The bottom line: we only get one go at this life, so feel 10 years younger. Do you want to look better, feel better, sleep better and love better?

Here are my five musts for living the good life:

1. If you take the ‘f’ out of ‘life’, you are living a LIE, and that’s the truth. My big four ‘fs’ are family, fun, friendships and faith. Put them back into your life.

2. Stay busy or die – be careful never to retire. You’re tired; why would you want to get re-tired? If you retire, what are you actually going to do? Coffee, newspaper, and then what? Golf? If you are over 65 you will never get better at golf.

3. Do the ‘one-percenters’ – they make a positive life difference: Send a thank-you note. Take three slow, deep breaths to get your blood pressure lower. Say “well done” to someone. Walk on a beach, or in a forest or park. Call a friend you haven’t spoken with in some time. Do six backward shoulder rolls to loosen up your spine. Go to a movie or read a book. Plan your next 3×3 with your partner or friend – that’s three days break, three times a year, three months in advance. Just do it. Become part of a community. The longest living and healthiest people do not live in concrete boxes stacked one on top of the other! They live in villages and communities.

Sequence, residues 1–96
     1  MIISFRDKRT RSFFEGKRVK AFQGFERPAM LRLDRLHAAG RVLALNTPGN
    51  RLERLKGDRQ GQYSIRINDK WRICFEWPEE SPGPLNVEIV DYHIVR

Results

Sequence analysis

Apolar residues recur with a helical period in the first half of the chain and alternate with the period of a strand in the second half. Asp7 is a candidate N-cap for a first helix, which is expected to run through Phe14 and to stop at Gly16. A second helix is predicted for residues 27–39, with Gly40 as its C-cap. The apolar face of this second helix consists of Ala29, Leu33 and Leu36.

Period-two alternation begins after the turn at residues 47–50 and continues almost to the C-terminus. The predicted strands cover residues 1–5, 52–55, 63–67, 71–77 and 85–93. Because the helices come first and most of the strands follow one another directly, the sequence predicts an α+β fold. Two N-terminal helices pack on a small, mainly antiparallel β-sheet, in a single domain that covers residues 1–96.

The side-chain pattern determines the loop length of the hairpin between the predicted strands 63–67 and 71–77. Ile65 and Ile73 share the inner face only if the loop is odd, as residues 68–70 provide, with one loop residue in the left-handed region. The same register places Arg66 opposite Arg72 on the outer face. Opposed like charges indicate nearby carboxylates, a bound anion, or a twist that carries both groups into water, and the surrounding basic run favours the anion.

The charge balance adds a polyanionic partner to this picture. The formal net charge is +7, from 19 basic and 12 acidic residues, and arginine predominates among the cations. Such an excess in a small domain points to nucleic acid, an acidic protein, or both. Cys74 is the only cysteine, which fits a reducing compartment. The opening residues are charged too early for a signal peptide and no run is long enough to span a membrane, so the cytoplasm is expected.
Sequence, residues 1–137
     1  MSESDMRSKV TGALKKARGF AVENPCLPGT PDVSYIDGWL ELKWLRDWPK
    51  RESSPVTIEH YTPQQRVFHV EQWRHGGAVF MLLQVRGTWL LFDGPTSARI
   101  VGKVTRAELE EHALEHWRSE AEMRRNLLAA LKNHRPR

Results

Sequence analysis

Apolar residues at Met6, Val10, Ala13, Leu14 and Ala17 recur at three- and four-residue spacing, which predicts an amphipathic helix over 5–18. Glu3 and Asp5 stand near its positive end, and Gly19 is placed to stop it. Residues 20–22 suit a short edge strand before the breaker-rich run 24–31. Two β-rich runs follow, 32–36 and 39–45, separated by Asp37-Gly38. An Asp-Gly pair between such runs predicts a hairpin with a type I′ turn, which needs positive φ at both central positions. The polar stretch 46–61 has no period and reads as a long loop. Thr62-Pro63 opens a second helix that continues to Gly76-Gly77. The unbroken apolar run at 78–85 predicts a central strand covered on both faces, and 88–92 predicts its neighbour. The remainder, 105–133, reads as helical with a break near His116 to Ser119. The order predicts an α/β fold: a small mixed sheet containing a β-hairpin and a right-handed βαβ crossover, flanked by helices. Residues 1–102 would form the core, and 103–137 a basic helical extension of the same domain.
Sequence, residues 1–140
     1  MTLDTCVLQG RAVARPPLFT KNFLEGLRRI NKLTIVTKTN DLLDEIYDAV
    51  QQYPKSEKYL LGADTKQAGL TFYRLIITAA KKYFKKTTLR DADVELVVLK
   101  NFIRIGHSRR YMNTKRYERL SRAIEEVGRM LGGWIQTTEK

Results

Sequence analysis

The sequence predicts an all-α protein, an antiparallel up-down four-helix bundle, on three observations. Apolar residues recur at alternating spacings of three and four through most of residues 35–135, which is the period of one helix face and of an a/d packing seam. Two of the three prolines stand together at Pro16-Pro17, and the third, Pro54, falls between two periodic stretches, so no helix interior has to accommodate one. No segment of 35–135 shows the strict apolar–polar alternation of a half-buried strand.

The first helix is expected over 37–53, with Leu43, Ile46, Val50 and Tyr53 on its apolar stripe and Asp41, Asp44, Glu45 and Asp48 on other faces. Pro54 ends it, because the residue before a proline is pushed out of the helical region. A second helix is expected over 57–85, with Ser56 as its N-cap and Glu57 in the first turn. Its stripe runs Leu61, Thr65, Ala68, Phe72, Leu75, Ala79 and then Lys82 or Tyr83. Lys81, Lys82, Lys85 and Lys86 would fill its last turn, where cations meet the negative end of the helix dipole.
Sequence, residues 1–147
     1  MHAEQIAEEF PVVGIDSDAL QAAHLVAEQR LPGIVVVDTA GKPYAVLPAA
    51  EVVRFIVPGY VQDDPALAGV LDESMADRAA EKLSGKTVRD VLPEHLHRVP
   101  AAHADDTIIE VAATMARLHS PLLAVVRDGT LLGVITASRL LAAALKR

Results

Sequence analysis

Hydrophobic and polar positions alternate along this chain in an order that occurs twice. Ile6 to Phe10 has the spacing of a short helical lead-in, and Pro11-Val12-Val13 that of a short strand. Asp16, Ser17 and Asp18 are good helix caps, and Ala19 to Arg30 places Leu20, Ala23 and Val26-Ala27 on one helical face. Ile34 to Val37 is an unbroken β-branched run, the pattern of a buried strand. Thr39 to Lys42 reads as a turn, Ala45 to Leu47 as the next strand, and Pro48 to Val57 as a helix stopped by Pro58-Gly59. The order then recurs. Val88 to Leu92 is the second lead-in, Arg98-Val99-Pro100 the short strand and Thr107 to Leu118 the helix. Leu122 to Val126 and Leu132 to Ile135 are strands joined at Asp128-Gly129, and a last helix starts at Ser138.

4. Keep achieving. Forward-looking is the cornerstone of a long, healthy life. Look forward to things; mixing with people, especially younger people; aim at something you can do or make happen or achieve in the next three, six or 12 months.

5. Improve your ‘ACE’ skills: activity, coping and eating. Activity: move – start with a brisk 30 minute walk five times a week. That’s just two-and-a-half hours of the approximately 112 hours you are awake each week and represents just four percent of a 24 hour day. Coping: get out of the pressure cooker – often. Eating: eat more plant and less flesh foods. Eat many more low ‘HI’ foods – that’s foods low in human interference – foods and drinks that are not processed, refined, fried, and destroyed with sugar, packaging, preservatives, added salt, hormones, shelf life and use-by dates. Forget willpower and adopt won’t power: “I won’t stuff 45 of the 50 fries that have been served as part of my balanced meal into the amazing machine that is my body.